Family Circus Man
By James DiGiovanna
JUNE 1, 1999: For years I've been lobbying to convince the editors at The Tucson Weekly to hipify their overly mainstream comics page by including "The Family Circus." Unfortunately, they're too "PC" to allow extreme right-winger Bill Keane's daily jottings about the foibles of upper-middle-class suburban living to, as they put it, "darken our pages with its disgusting, reactionary politics and pro-family message." Okay, they never actually put it that way, but it sounds a lot more interesting than the truth.
I have gotten them to agree, at least as a one-time indulgence, to run these text analyses of the strip by our discerning hipster audience, so you can decide if this is not the best thing since the Symbionese Liberation Army destroyed the U.S. government and made Patty Hearst our Queen for Life:
April 22: Cartoon ostensibly drawn by "Billy, age 7." Billy has been age 7 for over 20 years now, so the plausibility of this claim is highly dubious. Image shows Father (presumably Bill Keane) at mailbox, explaining to postal worker that Billy is behind schedule with the latest cartoon, and Father will send it tomorrow via the more efficient FedEx service. Postal worker appears nonplussed.
April 23: Cartoon again ostensibly drawn by "Billy, age 7." Billy works at drawing table, while Father looks on, half hidden behind door frame. Billy is nervous in Father's presence, and complains to Mother. Mother's expression hard to read...sympathy? pity? She may be experiencing tensions between her role as mother and wife, with said tensions exacerbated by the fact that Billy is taking his father's role as cartoonist. Freudian speculation warranted.
Date Unknown (someone anonymously mailed this one to me...it appears to have been torn out of the paper in the last week or two): "Sally, age 5," is lying on top of Daddy's naked chest at the beach. She notes that his chest is both "nice" and "warm," and attributes this to the fact that there is "fur all over it."
If that stuff doesn't tap a much deeper vein of childhood neuroses than Lynda Barry's increasingly self-congratulatory "Ernie Pook's Comeek," then I'll eat a bug. Any bug, bring it on.
I think that the world's "cool" people love "the Circus" for the same reasons that they loved "Nancy" (back when Ernie Bushmiller did it): For one, it's almost always one of a set of five standardized non-gags; and two, it's not funny in almost exactly the same way that real life isn't funny.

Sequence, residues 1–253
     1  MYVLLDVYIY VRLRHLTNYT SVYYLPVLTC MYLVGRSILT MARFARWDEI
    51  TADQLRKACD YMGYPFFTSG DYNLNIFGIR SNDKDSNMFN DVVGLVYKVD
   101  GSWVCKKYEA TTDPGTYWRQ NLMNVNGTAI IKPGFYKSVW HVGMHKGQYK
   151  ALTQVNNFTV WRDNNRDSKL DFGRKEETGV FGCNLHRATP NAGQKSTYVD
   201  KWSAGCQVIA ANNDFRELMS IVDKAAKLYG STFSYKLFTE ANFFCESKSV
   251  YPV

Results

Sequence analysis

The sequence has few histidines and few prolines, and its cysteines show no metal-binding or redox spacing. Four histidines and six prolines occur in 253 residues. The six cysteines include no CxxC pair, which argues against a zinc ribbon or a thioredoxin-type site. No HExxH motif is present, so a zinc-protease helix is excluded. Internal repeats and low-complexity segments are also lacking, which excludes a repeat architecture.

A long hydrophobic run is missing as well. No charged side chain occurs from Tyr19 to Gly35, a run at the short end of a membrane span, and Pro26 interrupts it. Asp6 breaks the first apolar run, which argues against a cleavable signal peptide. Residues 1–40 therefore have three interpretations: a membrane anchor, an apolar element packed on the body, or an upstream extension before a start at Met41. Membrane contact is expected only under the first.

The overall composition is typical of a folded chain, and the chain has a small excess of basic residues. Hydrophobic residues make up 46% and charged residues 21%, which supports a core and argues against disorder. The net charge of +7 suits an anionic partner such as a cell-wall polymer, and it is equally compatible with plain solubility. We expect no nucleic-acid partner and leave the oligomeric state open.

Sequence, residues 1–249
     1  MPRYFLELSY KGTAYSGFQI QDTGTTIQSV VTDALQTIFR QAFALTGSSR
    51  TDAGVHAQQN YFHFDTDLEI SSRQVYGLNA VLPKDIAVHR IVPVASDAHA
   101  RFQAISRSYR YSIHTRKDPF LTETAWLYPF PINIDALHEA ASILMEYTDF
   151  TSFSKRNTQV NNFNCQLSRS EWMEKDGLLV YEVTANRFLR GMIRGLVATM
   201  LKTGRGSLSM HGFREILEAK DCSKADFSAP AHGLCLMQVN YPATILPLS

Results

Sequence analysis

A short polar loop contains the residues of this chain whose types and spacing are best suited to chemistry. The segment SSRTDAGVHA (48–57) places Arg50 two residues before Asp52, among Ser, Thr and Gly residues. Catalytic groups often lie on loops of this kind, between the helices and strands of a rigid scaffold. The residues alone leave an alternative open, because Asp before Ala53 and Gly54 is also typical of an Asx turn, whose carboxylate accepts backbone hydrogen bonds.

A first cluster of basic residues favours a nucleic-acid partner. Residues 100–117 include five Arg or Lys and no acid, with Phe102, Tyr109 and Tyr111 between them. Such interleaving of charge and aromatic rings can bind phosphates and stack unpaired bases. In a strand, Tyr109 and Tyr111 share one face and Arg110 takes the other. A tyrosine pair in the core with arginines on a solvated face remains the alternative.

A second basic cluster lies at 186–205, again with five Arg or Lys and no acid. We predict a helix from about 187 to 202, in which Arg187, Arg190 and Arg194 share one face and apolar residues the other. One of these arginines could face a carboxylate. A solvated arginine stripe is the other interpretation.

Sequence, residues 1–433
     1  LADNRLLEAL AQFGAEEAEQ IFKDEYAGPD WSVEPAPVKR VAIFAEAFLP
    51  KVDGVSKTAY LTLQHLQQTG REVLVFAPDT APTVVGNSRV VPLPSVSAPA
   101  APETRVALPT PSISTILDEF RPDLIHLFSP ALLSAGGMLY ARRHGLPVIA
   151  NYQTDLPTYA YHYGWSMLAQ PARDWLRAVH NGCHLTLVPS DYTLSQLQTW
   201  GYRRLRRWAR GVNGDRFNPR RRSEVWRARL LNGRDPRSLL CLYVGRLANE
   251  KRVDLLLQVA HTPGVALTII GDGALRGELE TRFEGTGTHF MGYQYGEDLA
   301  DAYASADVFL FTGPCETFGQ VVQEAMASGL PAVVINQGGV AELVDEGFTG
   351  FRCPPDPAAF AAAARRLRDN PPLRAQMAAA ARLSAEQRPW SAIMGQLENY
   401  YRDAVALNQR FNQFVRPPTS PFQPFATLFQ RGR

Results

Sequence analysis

Like most young scenesters, much of my dream life is dedicated to the "Family Circus." In hopes of convincing the square (some would say "totally Melvin") editors at TW that we need "The Circus," I'm asking readers to write in with their favorite Family Circus-inspired nocturnal reveries. Here are some examples local Fourth Avenue hippies, skate rats and business leaders have related so far:
Mom is mad at Billy for joining the Nazi party, and he tries to get out of his punishment (being sent to a Cambodian re-education center) by saying that "Not me" did it.
Grandpa's ghost molests Billy, and when he tells his parents they beat him for lying.
Billy and Sally "experiment" with each other, and learn an important lesson about the elasticity of plastic figurines.
(Draw inspiration for your own unhinged observations by checking out the official "Dysfunctional Family Circus" website at www.spinnwebe.com/dfc.)
Look, just because Bill Keane does stand-up routines at Republican fund-raisers (don't you wish you could be there for one of his drop-dead observations on the sinfulness of liberals and fornicators?) is no reason to exclude him from the comics page.
Ferchrissakes, they let Matt Groening in, and what's he done lately besides pollute the airwaves with fart jokes set in the distant future? So please, send your "Family Circus" dreams, fantasies, tributes and analyses to email@example.com, and please include the words "Bill Keane is God" in the subject line.
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